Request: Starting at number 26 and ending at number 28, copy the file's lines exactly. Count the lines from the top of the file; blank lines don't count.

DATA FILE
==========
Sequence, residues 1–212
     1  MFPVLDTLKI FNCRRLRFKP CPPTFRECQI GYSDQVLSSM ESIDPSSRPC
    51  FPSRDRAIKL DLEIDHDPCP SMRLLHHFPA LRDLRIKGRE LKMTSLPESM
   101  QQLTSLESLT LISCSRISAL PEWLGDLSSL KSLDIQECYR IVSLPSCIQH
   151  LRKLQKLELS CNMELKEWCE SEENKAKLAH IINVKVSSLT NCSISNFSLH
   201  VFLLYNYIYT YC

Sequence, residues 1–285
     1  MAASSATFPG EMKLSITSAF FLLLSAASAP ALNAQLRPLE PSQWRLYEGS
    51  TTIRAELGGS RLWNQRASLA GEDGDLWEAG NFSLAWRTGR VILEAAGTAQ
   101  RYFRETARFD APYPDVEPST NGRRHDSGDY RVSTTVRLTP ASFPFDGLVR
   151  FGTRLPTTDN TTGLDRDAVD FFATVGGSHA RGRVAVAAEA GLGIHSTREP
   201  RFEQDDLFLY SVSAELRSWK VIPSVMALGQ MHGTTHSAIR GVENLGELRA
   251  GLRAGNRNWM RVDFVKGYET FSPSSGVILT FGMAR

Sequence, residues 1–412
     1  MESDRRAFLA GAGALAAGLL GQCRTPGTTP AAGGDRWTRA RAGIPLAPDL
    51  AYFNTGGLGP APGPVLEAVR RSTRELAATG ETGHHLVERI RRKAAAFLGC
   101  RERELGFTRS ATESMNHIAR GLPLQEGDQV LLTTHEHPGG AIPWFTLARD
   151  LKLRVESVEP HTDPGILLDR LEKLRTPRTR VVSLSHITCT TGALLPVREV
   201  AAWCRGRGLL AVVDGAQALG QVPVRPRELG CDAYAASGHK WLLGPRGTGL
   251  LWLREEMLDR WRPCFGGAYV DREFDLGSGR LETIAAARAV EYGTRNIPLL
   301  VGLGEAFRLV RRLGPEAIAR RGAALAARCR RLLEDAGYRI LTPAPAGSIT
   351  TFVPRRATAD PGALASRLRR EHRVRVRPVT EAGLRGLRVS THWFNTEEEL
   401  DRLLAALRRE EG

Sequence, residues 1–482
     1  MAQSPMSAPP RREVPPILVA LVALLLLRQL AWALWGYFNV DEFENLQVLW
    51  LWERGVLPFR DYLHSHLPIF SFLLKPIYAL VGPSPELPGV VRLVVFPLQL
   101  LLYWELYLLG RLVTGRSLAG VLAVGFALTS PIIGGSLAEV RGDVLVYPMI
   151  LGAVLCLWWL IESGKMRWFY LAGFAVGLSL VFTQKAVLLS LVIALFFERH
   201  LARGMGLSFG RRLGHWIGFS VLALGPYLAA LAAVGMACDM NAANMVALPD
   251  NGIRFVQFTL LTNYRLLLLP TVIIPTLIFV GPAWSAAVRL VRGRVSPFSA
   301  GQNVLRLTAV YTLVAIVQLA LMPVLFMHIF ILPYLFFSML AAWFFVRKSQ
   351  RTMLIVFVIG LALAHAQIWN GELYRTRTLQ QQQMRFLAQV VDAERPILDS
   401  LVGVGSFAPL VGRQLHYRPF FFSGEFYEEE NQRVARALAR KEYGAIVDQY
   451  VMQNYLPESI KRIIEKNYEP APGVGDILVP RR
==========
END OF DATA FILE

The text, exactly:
    51  LWERGVLPFR DYLHSHLPIF SFLLKPIYAL VGPSPELPGV VRLVVFPLQL
   101  LLYWELYLLG RLVTGRSLAG VLAVGFALTS PIIGGSLAEV RGDVLVYPMI
   151  LGAVLCLWWL IESGKMRWFY LAGFAVGLSL VFTQKAVLLS LVIALFFERH